a god in every stone

by Kamila Shamsie
I don't have the time to write something longer, but I have to note these down or I'll forget.

1. The anticipation of love: The whole book is full of it. It is always standing around at the edges, teasing you, testing you, seeing if you'll fall for it. I did, convincingly, every time. I fell for every character meant for love, whether or not anyone in the book actually did. I fell for Qayyum Gul (with his hands behind his head alone on a berth in a train; one eyed Qayyum, sure yet so very unsure of himself.) And I kept hoping she would too. I kept looking for it - Now it will happen, oh, now she will recognize him, wait this is the moment. A moment. I can't say if I loved the book for the anticipation of love, or for the love there actually is.

2. Reading Shamsie is like reading a non-fantasy Guy Gavriel Kay. It feels like you're really reading a book on history in story form. It's well-researched and a terrific pleasure. Makes you want to read up on little things. (May be I'm drawing this comparison because I've been reading Kay like a beast. But if you read Kay and Shamsie in succession, I dare you not to make it too). I loved her account of wartime Britain for its little details, the politics, the opinions. I loved how Vivian grows through the book: I love her idea of service to a nation in wartime, and how it changes as she becomes her own person. I love the tension in the book when the man from the government comes to meet her. You know she can't be that silly, you want her to not be that silly. When she is, you're immediately heart-broken. You know what is coming, it's an inevitability. But you hope because she hopes.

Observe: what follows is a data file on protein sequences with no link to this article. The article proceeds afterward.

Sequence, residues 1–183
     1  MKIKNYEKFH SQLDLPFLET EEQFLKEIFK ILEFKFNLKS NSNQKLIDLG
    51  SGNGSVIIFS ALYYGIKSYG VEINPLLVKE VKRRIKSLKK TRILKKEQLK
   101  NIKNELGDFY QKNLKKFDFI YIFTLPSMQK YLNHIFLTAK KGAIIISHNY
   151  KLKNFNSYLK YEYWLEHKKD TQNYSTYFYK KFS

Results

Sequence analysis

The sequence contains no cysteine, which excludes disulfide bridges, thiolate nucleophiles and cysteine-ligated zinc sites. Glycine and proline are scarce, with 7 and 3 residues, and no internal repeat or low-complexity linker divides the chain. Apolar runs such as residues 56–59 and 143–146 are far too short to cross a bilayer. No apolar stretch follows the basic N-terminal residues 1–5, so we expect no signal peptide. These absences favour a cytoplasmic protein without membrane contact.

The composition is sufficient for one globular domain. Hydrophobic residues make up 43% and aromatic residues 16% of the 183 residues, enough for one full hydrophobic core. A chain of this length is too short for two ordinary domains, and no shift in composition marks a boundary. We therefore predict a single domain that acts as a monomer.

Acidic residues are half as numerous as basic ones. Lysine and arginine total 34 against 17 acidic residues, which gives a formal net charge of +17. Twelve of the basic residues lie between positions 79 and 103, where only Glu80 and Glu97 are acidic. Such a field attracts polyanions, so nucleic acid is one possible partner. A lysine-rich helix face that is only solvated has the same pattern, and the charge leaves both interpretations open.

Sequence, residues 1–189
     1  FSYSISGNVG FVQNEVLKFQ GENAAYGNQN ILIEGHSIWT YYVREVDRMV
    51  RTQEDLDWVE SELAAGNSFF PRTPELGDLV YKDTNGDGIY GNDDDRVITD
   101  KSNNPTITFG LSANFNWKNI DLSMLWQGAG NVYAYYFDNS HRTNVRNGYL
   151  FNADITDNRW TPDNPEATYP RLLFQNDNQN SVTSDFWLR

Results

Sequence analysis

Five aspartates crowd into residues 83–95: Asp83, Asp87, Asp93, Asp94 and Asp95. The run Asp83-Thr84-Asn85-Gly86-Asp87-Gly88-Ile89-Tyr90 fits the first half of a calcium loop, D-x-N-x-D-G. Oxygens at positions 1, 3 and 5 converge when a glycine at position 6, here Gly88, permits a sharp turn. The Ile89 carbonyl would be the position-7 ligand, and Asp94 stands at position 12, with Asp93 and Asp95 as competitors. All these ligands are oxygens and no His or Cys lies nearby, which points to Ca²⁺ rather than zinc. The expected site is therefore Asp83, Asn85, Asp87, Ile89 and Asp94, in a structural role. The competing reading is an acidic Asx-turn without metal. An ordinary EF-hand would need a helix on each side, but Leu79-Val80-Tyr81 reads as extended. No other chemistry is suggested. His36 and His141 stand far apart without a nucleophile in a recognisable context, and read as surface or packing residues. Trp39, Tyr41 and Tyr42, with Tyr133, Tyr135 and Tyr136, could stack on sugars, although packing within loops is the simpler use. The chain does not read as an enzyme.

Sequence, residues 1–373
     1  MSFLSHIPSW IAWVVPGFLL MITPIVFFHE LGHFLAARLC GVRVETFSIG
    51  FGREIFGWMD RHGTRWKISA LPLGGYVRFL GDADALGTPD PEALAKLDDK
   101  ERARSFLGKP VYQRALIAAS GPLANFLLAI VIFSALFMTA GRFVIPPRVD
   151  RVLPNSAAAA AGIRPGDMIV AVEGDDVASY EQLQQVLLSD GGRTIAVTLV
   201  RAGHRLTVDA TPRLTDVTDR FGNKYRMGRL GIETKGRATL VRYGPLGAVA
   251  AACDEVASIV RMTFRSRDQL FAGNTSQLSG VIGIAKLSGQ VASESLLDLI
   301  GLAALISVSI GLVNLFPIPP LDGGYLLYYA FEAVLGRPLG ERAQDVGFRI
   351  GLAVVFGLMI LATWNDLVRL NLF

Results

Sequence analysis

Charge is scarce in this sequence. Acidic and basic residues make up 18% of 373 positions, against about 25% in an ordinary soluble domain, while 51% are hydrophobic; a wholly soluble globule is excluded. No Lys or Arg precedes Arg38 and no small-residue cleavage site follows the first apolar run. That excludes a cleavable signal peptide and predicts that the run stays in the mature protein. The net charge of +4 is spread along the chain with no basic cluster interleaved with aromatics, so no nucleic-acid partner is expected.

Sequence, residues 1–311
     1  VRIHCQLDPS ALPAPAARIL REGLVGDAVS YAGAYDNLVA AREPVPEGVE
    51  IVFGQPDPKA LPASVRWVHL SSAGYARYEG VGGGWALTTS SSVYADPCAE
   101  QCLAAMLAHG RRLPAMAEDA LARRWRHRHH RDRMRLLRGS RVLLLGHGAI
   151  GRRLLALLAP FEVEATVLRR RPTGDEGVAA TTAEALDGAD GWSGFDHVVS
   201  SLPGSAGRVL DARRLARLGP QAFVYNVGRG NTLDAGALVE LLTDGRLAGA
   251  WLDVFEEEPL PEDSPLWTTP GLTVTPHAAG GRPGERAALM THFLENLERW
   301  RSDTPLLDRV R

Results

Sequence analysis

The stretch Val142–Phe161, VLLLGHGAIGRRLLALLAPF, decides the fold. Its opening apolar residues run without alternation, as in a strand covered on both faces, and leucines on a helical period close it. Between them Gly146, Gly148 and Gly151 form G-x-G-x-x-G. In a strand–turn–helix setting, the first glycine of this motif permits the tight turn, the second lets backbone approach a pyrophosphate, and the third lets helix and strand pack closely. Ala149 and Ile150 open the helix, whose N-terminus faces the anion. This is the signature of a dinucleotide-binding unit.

3. I really really want to go to Turkey.

4. My southern school education somehow missed out on the immediacy and intimacy of the history of partition, and I think this is true of many of my South Indian friends. A lot of North Indian friends of mine have a romantic notion of Pakistan - they have roots there (a grandparent who left, lands, families, that sort of thing). To me, it has always been a different culture, a different people. When I found out that they have a Punjab too, somehow Pakistani butter chicken became something I had to try. (I was 11. Not much has changed). So when I read Pakistani writers, I read them as I would read any other writer. Suddenly little unexpected things pop out at me and I think aha, there's something I didn't expect you to be like. With Mohammed Hanif's Alice Bhatti, I kept thinking that way about caste. About how I understood its perpetuation without really thinking about it as different/Pakistani. 

It happened with Shamsie too, but not in the same way: With her, it was about the cultural references. The train stations, the quaint streets, the clubs. (In my head, they look like old Hyderabad, and I can say with some certainty that the clubs are the same everywhere. I've been to Gymkhanas all over the country, and if they haven't changed between Hyderabad, Bangalore, Calcutta and Delhi, I doubt they're largely different or the sandwiches are much better in Pakistan).

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